Supporting the Arts in Western Massachusetts and Beyond

August 2, 2009

Tanglewood on Parade

Tanglewood, Lenox, MA
August 1, 2009
by Shera Cohen

In spite of the fact there were no floats or horses, this "parade" was certainly full of music - in fact the best music in all of Massachusetts and probably New England. Started six decades ago, Tanglewood on Parade is an annual all-day event appreciated by more than 10,000 people. Overlooking the throngs of audience goers, particularly those on the lawn, the figure of 10,000 is conservative. The weather undoubtedly increased the expected crowds as this was a perfect Tanglewood day.

Four orchestras performed various pieces from 2pm until the grand finale fireworks at 11pm. Admission included 14 separate concerts to choose from in 7 venues including troubadours on the lawn. This was a who's who of conductors (John Williams, James Levine, Keith Lockhart, Leonard Slatkin, and Rafael de Burgos), composers (Rossini, Enescu, Bernstein, Copland, Tchaikovsky), and other recognizable names (choreographer Mark Morris, Governor Deval Patrick).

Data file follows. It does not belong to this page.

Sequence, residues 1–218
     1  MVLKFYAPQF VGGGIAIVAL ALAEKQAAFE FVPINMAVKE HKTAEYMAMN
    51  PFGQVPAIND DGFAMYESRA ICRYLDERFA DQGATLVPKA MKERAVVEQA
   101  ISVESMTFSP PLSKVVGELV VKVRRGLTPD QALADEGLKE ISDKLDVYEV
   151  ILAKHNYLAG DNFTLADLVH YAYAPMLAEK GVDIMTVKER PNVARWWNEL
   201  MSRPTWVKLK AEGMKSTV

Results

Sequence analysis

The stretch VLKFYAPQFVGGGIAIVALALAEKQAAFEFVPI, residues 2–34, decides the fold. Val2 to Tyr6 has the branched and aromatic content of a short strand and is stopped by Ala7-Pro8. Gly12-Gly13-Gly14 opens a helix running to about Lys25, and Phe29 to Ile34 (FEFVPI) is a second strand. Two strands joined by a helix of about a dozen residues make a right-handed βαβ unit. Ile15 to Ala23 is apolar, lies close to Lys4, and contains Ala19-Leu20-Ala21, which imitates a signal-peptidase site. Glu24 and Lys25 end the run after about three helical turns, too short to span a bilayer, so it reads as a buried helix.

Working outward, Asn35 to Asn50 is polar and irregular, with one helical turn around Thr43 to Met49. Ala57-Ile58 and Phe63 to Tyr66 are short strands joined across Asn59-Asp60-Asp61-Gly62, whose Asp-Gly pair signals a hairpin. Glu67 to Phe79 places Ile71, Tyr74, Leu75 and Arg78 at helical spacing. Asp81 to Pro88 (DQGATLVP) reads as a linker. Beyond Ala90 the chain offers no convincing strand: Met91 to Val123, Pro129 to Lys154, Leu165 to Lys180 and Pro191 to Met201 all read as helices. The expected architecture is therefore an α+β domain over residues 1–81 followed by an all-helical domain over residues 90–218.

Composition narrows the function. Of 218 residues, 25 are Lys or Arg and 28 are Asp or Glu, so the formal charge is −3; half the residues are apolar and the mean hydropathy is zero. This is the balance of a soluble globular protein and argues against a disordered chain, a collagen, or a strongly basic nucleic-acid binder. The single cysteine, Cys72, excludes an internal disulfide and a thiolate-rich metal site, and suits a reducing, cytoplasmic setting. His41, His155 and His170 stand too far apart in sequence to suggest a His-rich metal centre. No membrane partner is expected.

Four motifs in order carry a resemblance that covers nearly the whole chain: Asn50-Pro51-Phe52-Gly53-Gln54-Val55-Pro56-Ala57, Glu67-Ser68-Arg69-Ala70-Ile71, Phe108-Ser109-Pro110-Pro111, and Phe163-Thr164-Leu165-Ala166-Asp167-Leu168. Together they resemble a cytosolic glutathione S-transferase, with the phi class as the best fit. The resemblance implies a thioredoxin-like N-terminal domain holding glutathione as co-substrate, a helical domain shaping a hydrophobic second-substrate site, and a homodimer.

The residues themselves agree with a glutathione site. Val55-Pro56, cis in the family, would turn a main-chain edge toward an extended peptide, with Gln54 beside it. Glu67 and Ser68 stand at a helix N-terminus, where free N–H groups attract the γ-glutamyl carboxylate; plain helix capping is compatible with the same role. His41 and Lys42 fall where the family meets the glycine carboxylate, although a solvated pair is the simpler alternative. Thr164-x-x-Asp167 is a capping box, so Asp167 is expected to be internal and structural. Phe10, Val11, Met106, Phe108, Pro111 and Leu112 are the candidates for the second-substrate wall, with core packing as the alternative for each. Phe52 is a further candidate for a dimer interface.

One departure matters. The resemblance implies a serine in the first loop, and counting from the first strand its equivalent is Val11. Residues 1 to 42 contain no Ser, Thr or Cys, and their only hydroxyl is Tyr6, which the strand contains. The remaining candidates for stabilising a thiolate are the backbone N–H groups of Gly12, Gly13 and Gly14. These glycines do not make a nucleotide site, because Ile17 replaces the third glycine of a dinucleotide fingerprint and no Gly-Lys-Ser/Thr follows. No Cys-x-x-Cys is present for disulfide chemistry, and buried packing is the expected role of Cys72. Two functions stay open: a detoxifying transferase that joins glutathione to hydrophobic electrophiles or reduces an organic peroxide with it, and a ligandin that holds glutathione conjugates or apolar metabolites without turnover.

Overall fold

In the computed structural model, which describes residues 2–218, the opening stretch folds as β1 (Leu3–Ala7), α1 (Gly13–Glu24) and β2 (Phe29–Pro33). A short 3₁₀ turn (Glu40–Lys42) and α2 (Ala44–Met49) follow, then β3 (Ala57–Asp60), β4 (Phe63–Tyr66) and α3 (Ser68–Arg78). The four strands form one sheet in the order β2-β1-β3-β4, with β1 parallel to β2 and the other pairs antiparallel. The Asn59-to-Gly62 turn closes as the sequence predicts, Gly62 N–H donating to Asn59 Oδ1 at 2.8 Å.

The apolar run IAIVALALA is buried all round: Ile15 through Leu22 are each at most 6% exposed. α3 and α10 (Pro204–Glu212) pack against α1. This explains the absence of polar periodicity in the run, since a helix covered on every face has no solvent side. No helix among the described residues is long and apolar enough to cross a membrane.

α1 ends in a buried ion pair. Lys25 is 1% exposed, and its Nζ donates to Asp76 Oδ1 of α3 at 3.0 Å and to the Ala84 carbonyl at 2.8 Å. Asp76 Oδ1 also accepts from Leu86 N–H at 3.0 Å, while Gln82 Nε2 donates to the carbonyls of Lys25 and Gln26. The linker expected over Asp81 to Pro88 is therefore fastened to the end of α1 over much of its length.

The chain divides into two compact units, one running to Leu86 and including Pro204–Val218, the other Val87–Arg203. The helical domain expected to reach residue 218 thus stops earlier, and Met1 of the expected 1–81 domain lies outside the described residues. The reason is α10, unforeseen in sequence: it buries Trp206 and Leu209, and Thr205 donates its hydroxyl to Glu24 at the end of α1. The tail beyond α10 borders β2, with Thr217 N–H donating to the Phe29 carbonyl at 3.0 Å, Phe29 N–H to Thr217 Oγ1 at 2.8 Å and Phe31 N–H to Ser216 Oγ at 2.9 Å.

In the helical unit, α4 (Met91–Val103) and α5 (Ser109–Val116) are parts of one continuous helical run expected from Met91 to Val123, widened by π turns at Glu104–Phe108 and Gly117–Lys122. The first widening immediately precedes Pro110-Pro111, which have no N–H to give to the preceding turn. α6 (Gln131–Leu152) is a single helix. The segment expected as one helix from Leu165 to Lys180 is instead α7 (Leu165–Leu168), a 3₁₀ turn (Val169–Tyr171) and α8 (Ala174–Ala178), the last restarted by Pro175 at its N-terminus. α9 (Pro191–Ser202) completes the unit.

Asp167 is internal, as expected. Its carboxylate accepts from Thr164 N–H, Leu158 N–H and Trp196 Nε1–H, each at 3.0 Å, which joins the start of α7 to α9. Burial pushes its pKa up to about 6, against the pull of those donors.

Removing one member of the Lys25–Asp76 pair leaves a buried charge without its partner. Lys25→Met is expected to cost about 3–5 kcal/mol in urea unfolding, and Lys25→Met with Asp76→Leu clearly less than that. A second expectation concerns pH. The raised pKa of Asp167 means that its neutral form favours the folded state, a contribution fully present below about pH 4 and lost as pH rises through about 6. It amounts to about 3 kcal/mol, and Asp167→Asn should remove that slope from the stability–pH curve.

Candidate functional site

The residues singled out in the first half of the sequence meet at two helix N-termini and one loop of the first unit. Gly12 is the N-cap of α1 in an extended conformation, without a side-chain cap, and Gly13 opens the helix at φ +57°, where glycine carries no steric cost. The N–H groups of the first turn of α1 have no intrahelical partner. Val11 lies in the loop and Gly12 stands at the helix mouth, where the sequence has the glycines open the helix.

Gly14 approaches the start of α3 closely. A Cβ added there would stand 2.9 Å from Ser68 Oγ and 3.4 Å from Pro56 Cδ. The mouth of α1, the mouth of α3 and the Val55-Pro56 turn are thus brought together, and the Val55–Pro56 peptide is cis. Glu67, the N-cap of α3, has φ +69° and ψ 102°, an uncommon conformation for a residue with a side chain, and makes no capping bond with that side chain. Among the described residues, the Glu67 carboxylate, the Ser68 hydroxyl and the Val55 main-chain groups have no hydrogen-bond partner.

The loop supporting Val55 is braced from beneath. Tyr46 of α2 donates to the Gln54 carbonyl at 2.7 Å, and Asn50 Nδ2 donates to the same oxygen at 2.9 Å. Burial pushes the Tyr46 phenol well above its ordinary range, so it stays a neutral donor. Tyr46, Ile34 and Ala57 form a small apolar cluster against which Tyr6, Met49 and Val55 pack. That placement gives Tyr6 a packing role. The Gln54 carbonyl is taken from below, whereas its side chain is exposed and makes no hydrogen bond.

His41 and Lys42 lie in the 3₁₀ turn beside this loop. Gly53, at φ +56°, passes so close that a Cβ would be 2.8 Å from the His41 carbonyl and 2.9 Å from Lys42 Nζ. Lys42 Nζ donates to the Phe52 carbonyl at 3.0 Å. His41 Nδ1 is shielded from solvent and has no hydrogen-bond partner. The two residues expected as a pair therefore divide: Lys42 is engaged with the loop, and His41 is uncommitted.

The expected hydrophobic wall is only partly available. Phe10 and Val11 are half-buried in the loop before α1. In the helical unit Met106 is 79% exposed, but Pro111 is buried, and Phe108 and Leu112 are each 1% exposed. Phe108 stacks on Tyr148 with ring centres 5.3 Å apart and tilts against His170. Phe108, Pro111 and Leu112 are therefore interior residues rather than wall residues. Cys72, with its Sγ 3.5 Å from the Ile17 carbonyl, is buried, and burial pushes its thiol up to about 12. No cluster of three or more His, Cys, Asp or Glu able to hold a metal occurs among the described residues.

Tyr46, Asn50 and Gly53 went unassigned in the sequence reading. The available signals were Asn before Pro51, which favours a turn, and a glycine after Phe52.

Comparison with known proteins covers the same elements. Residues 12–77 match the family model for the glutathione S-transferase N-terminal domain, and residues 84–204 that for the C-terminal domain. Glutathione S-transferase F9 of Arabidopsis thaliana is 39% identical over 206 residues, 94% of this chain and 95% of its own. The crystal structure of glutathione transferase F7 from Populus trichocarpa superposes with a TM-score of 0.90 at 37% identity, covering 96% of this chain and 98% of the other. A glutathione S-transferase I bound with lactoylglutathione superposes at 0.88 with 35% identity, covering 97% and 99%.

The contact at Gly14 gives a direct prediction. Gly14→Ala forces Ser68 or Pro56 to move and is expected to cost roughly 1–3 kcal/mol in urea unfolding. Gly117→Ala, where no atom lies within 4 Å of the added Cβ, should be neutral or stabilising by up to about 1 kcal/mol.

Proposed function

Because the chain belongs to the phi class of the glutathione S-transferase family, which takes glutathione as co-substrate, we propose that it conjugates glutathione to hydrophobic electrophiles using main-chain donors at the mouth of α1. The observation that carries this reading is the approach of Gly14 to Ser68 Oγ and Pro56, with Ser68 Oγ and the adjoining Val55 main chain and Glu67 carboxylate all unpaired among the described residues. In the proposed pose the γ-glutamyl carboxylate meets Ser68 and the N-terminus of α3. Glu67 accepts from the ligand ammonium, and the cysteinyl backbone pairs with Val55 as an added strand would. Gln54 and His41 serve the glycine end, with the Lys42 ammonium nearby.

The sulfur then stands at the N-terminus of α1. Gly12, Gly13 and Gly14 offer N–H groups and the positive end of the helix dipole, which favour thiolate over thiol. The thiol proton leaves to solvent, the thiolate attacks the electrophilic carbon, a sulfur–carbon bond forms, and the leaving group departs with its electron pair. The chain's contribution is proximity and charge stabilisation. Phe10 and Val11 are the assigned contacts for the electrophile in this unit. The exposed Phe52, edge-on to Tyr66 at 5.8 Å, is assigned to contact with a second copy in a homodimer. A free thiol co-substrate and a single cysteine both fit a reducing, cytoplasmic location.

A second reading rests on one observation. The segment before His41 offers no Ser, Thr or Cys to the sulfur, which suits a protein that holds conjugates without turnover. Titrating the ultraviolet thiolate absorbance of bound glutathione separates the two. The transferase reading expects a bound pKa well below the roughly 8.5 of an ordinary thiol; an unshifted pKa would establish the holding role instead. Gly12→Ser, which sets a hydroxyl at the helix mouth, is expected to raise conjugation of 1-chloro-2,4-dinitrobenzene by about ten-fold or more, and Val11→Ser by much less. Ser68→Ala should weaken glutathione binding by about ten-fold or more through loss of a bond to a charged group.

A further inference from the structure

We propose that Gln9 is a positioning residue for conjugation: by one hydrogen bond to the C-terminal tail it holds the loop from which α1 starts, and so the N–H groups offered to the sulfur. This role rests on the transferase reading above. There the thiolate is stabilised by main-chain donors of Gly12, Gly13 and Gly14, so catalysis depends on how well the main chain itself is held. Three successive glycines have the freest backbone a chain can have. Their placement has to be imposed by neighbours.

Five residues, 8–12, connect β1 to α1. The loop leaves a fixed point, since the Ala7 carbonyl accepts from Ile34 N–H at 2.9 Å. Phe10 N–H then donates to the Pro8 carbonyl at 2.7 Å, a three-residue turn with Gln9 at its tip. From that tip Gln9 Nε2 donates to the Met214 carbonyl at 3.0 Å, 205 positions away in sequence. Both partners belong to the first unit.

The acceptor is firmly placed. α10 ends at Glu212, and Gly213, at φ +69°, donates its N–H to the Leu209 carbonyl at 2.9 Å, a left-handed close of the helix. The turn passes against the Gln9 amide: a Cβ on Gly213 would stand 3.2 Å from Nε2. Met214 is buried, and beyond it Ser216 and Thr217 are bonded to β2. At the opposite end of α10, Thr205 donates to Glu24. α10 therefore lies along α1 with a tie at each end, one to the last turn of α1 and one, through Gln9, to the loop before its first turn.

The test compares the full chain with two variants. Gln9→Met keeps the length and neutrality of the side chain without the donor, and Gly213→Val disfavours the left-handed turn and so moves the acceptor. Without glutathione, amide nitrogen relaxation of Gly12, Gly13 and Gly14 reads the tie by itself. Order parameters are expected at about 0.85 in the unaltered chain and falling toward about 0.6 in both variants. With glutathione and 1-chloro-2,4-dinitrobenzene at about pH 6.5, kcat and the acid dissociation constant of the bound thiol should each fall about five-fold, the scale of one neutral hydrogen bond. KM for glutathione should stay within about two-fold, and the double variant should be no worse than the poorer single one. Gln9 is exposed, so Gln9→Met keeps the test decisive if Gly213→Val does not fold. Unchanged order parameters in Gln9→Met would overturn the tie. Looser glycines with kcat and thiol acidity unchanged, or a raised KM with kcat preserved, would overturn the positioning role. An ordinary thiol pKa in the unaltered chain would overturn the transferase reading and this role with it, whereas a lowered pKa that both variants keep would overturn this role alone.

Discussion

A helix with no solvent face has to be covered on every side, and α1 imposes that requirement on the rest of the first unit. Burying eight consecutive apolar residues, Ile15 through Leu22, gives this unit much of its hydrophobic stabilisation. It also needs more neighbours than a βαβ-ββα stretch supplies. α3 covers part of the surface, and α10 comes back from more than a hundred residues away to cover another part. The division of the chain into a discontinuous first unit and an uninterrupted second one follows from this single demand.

The evening's program listed primarily familiar pieces, which is common to Parade, and welcomed by the audience. The overture to "William Tell" was obviously rousing, performed by the "house band," so to speak, the Boston Symphony Orchestra, kicking off the final concert of the day. Enescu's "Rumanian Rhapsody No. 1" is one of those well-known pieces which the average listener does not know by name but only by ear. Gentle and yet swift like a speeding train that had lost its breaks, Enescu's music is memorable.

The Tanglewood Music Center Orchestra (most talented youth) took on the lengthy dances from "West Side Story." The young percussionist worked in fast-motion, and the audience did all but sing-along. Parade would not be complete without the Boston Pops. John Williams conducted his own "Tributes: For Seiji" (Seiji Ozawa), and Keith Lockhart took the podium for Copland's "Lincoln Portrait." Narrated by Governor Patrick, the Pops performed the entire score.

It took a few minutes for the combined musicians of two orchestras to overflow the stage for the "1812 Overture." Every Parade's finale is the "1812" coupled with fireworks. It's been heard before, and will be heard again. Once is not enough, nor are a dozen or 100 times.